Some tech worries for the new Commander-in-Chief - and the rest of us:
At the top of my list are Micro SD cards, with the "SD" standing for Secure
Digital, a card format that's rather popular for cell phones and some cameras.
There's a tremendous boon in being able to put as much as 16 Gigabytes on a card
that's smaller than a postage stamp and shorter than a paper clip's length. But
there's also a tremendous danger: such devices, which truly are tiny, can be
easily concealed, connected (via an equally small card reader) to a computer's USB
port, and used to transport sensitive data out of a building.
Of course, installations with high-security needs already ban such devices, as does
most of the Department of Defense, which suffered a computer virus attack imported
via a larger "memory stick" last year. But in some offices there may be little
or nothing to stop a disgruntled employee from spiriting out a sneak peek at next
year's budget or this year's white paper and handing it over to a reporter,
friendly or hostile. Or give it to someone else. Data security will likely be a top
priority for the new administration, and, in my view, it should be.
Next up is the potential for online social media to enhance - and obstruct - the
next administration's agenda.
There's nothing like Facebook or Twitter to make mass communication to a defined
niche as nearly instant as possible. Old-fashioned telephone trees or call-down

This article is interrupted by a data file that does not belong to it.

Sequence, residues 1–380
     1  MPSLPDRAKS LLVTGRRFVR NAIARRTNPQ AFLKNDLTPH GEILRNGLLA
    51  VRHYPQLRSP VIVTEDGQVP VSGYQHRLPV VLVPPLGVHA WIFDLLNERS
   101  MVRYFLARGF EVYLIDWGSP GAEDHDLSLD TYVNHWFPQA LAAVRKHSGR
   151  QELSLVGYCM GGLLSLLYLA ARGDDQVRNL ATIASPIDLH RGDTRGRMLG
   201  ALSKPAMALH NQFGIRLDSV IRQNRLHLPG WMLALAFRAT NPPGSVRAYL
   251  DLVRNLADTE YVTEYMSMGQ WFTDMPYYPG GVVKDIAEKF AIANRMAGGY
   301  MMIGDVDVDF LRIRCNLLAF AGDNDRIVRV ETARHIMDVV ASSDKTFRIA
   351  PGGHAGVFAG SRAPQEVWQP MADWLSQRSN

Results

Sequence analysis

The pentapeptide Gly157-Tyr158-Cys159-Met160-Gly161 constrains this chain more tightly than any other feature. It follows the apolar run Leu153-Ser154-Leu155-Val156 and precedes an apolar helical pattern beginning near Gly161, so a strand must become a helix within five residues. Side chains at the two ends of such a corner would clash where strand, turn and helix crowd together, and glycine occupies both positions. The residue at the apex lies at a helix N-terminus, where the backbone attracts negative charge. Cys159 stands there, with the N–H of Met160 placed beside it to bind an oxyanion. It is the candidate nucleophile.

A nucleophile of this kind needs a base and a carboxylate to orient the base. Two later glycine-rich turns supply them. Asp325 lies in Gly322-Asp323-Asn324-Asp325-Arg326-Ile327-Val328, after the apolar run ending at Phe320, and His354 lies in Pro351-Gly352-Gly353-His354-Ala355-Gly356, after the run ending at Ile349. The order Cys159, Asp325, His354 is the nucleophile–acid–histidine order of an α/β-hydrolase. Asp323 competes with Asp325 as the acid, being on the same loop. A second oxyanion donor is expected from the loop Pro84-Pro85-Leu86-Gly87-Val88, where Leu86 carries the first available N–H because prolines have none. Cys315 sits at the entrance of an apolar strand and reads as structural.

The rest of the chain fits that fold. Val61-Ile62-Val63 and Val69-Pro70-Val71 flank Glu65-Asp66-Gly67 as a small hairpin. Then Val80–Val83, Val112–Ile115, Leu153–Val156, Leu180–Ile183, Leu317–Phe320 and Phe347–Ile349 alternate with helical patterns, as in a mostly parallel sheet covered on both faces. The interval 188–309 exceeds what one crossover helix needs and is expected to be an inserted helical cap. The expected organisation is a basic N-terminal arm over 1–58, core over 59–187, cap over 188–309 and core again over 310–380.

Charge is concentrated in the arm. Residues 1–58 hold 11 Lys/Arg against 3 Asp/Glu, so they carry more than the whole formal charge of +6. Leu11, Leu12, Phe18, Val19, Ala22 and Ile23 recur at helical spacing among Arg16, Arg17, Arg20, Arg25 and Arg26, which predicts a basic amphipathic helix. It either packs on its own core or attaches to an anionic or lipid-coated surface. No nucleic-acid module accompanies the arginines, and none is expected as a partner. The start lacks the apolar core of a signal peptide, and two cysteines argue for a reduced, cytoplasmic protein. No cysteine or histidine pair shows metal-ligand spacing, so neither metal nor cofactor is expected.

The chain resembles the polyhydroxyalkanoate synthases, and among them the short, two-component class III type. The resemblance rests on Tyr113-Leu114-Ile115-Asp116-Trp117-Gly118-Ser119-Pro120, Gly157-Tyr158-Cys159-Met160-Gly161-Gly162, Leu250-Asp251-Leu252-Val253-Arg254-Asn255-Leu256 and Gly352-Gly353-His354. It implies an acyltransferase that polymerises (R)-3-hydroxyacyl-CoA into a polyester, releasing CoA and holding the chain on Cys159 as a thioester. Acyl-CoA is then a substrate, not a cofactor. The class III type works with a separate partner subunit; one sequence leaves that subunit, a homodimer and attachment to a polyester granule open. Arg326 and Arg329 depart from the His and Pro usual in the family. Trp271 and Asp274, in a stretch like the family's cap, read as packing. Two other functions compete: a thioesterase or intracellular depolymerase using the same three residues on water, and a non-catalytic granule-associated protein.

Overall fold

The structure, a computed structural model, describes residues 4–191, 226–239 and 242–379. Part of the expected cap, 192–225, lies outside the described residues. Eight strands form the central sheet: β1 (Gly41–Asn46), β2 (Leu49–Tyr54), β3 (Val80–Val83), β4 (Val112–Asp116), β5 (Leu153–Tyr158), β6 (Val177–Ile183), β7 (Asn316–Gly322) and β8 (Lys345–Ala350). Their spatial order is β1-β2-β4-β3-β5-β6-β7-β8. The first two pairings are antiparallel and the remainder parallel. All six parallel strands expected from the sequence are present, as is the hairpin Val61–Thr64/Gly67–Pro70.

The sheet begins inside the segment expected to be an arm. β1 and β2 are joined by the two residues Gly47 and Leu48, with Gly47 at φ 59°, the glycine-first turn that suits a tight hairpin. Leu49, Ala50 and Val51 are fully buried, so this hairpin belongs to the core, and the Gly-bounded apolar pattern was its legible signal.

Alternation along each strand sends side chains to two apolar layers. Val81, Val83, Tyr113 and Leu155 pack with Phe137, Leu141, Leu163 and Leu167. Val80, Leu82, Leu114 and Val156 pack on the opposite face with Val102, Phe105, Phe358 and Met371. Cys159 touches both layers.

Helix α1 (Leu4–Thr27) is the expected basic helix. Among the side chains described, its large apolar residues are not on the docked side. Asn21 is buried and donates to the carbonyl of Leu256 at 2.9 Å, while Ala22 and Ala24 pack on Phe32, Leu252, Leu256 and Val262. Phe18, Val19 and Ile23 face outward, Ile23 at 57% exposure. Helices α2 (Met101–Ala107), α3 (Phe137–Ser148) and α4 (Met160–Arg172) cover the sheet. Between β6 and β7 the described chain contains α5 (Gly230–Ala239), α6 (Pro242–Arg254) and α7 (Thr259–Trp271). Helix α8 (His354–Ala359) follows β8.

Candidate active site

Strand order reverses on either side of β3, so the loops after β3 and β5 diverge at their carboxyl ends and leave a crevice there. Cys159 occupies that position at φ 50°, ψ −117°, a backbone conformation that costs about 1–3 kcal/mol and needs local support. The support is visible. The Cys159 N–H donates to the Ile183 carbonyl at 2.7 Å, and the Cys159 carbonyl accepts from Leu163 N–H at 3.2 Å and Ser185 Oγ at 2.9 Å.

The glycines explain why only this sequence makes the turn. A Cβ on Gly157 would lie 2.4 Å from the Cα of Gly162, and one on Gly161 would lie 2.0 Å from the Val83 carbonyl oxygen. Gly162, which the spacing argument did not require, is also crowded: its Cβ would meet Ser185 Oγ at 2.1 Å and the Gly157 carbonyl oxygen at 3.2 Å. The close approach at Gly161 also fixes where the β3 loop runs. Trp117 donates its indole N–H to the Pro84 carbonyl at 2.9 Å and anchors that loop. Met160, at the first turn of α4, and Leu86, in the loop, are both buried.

lists can't cut it, and e-mail can get lost in a sea of spam. But if I get a
Facebook status message from you, that can be important and informative. A short
clip on YouTube can have tremendous reach, as the "Obama Girl" video ably
Given that as President-elect Mr. Obama put his weekly addresses on YouTube and
that Facebook's millions played a not-insubstantial role in the election, it would
appear that he and his team are aware of what social media can do. The question is
how this will be harnessed for good, and how it might be abused by less friendly
Here, too, information security will play a role. Again, I'm sure this is being
thought about, but it's an area of potential concern: messing with a Presidential
video could create problems.
A third area where attention should be paid, in my view, is the question of
broadband access. Korea and Japan are doing better jobs of providing high-speed
broadband to their citizens than the U.S. is, as a whole, and this needs to change.
If you don't believe me, let's talk after Tuesday's expected mass-gridlock.
Having a solid, high-speed and high capacity broadband infrastructure would let more
of us work from home, at least part time, and that could help when roads are clogged
or gas prices soar.
(It appears Mr. Obama is in sync with this. On January 10, in an Internet address,
he said part of the new economic stimulus would go to "build the new
infrastructure we need to succeed in this new century, investing in science and
technology, and laying down miles of new broadband lines so that businesses across
our nation can compete with their counterparts around the world.")
And along with access to the global network, we need to figure out access to
information: Google's plan to digitize most of the nation's out-of-print books,
and many of its more current ones, is a great idea. But should this move from the
commercial to the non-commercial realm? Fair handling of copyright questions could
It'll be a full tech agenda, and I've barely scratched the surface. We can hope,
however, that the issues will be addressed aggressively, and with both consumers and
businesspeople in mind.